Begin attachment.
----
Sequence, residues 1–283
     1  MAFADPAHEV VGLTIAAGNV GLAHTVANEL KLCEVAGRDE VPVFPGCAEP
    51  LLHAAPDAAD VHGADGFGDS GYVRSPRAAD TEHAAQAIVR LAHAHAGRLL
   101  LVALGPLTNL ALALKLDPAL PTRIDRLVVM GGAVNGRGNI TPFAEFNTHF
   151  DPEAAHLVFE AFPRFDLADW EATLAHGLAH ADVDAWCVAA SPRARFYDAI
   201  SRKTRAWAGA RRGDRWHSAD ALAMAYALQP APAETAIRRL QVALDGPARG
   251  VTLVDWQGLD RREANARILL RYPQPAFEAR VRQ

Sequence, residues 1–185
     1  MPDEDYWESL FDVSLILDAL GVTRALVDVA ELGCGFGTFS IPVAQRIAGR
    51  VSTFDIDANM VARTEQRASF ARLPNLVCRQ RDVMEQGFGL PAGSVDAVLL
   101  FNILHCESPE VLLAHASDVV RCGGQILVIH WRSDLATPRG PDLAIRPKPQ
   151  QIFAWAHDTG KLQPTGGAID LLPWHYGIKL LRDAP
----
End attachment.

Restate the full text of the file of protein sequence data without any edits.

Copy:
Sequence, residues 1–283
     1  MAFADPAHEV VGLTIAAGNV GLAHTVANEL KLCEVAGRDE VPVFPGCAEP
    51  LLHAAPDAAD VHGADGFGDS GYVRSPRAAD TEHAAQAIVR LAHAHAGRLL
   101  LVALGPLTNL ALALKLDPAL PTRIDRLVVM GGAVNGRGNI TPFAEFNTHF
   151  DPEAAHLVFE AFPRFDLADW EATLAHGLAH ADVDAWCVAA SPRARFYDAI
   201  SRKTRAWAGA RRGDRWHSAD ALAMAYALQP APAETAIRRL QVALDGPARG
   251  VTLVDWQGLD RREANARILL RYPQPAFEAR VRQ

Sequence, residues 1–185
     1  MPDEDYWESL FDVSLILDAL GVTRALVDVA ELGCGFGTFS IPVAQRIAGR
    51  VSTFDIDANM VARTEQRASF ARLPNLVCRQ RDVMEQGFGL PAGSVDAVLL
   101  FNILHCESPE VLLAHASDVV RCGGQILVIH WRSDLATPRG PDLAIRPKPQ
   151  QIFAWAHDTG KLQPTGGAID LLPWHYGIKL LRDAP